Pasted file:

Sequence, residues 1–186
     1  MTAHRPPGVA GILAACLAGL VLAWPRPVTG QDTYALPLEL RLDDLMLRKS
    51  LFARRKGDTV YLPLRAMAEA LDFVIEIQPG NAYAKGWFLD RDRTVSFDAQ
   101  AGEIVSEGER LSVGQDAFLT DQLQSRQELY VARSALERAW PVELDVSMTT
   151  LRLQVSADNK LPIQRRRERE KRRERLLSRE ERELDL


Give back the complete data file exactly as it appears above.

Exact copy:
Sequence, residues 1–186
     1  MTAHRPPGVA GILAACLAGL VLAWPRPVTG QDTYALPLEL RLDDLMLRKS
    51  LFARRKGDTV YLPLRAMAEA LDFVIEIQPG NAYAKGWFLD RDRTVSFDAQ
   101  AGEIVSEGER LSVGQDAFLT DQLQSRQELY VARSALERAW PVELDVSMTT
   151  LRLQVSADNK LPIQRRRERE KRRERLLSRE ERELDL